By Lauren Wise
By New Times
By Amanda Savage
By Jason P. Woodbury
By Troy Farah
By New Times
By Derek Askey
Although rhythm sections rarely score big on their own, the Inbreds harness a raw, chunky sound that makes the need for guitars seem vastly overrated. O'Neill's nappy bass lines have more fuzz than a Dunkin' Donuts parking lot.
These Canadian chart-toppers shovel as many decibels as most four- or five-piece rock bands, but Mike and Dave's biggest asset is their ability to write pure, provocative lyrics. While several of this album's 14cuts border on the obscure (especially the four-track instrumentals "Scratch" and "Last Fight"), centerpiece efforts like "Any Sense of Time" and "Turn My Head" display a stream-of-consciousness knack for taking listeners straight to the heart of truth. O'Neill's sparse crooning makes the recipe all the more palatable.
With Kombinator roaming the charts, the Inbreds could last long enough to father a whole lineage of rhythm-only duos in years to come.--Leigh Silverman
San Diego's Beat Farmers are the band too tough to die. They've overcome obscurity, drummer Country Dick Montana's thyroid cancer and a series of recording-company scrapes to outlast all of their roots-rock contemporaries from the early Eighties.
With their mutant stew of rock, blues, C&W, punkabilly and lots of booze, these rough-and-tumble hombres are still making the same blazing roadhouse music as always: "raunch 'n' roll," if you will.
The twin guitar and vocal attack of Joey Harris and Jerry Raney is the nastiest, fire-breathing, two-headed dragon you could ever hope to hear. The Farmers balance that monster's ferocity with Country Dick's trademark trailer-park humor. You'd best pucker up to the tailpipe and suck the high octane from this Manifold.--Marlow Bond
On the opening cut of Lenny Kravitz's latest album, the rock star falls just short of writing off his own existence.
The song "Rock 'n' Roll Is Dead" is a standard indictment of the fabled rock 'n' roll lifestyle: "You're living for an image ... you got 500 women in your bed."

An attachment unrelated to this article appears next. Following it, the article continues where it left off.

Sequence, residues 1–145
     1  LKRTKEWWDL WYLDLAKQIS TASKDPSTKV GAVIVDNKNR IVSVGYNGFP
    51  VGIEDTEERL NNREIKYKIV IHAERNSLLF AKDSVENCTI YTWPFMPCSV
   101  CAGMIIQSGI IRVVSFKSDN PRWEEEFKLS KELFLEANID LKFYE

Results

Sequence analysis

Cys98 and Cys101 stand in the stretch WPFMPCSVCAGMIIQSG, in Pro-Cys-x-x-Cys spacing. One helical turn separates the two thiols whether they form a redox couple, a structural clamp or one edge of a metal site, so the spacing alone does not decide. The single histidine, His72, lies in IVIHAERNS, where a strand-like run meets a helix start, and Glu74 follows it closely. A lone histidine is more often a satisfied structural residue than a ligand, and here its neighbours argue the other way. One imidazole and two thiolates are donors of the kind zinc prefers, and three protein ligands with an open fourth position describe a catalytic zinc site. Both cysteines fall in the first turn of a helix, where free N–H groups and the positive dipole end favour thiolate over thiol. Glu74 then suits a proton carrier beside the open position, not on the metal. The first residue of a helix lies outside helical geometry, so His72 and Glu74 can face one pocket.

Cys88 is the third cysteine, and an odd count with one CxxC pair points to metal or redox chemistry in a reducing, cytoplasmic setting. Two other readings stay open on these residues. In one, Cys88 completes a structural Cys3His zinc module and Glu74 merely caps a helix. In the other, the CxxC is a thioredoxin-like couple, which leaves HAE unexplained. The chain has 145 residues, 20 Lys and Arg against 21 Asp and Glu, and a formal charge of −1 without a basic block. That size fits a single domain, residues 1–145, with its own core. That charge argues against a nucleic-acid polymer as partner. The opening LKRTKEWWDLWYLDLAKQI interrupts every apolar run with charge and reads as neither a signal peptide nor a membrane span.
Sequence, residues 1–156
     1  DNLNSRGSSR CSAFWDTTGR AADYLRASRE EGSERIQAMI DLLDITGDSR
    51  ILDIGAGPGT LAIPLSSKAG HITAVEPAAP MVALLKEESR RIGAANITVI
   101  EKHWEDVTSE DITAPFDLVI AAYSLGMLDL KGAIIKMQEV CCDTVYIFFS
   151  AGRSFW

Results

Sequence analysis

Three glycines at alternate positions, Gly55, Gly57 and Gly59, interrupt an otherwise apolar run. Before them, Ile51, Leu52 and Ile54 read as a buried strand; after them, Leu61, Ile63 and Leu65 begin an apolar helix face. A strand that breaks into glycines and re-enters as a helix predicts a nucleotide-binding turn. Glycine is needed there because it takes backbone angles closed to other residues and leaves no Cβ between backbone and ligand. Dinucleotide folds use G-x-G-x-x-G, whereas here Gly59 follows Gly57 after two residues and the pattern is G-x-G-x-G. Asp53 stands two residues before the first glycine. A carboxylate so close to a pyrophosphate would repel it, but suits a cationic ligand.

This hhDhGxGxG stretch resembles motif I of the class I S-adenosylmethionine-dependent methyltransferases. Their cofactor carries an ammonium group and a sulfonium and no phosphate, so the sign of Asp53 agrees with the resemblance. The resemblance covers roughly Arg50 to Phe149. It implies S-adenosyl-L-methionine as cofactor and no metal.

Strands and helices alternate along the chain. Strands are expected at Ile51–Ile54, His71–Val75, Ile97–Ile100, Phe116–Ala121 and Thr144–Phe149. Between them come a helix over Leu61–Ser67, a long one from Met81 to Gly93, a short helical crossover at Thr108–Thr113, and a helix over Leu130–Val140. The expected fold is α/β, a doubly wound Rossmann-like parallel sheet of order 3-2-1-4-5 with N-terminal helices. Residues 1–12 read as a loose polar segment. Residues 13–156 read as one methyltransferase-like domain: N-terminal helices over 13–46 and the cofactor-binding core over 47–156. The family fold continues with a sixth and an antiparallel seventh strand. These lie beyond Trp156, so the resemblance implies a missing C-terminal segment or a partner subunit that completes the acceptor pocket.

Look who's talking. Kravitz himself has always played rock star to the hilt--not in gross displays of decadence, but rather through pronounced narcissism and pretentiousness.
Rock 'n' roll is clearly not dead, but (knock on wood) it has evolved from the days when rock stars seriously thought they were serious antihero sex symbols with a mandate to sermonize. Kravitz's continued adherence to this ridiculous, oft-parodied posturing is what makes him--even more than his decidedly retrogressive music--an anachronism in modern pop music.
And while bands like Urge Overkill get away with Kravitzlike stud rock because they riff with tongues in cheeks, Kravitz is all the more difficult to stomach because he's so lacking in irony.
However, if you can separate the music from the silly rock star who created it (or if you actually dig Kravitz's pose), then you can view Circus as a better-than-average rock recording. "Magdalene" bursts with as much melody and enthusiasm as Matthew Sweet; "Can't Get You Off My Mind" sways midtempo like the country-flavored rock of the Seventies; and "Don't Go and Put a Bullet in Your Head" is driven by a surprisingly nonretro drum-machine beat.
Circus is also interesting for its heavy religious content. Though Kravitz's hippified vision of world harmony goes back to his first single (1989's "Let Love Rule"), never has he sounded more overtly Christian than here on songs like "God Is Love" and "The Resurrection."
Traditional Christians will likely find his mix of sexuality (naked Lennys abound on the CD booklet) with religion offensive, while secular fans may call his beatitudes creepy. But if gangsta rap and left-wing folkare valid themes in pop music, there's certainly room for Kravitz's spiritual convictions and positive vibe.--Roni Sarig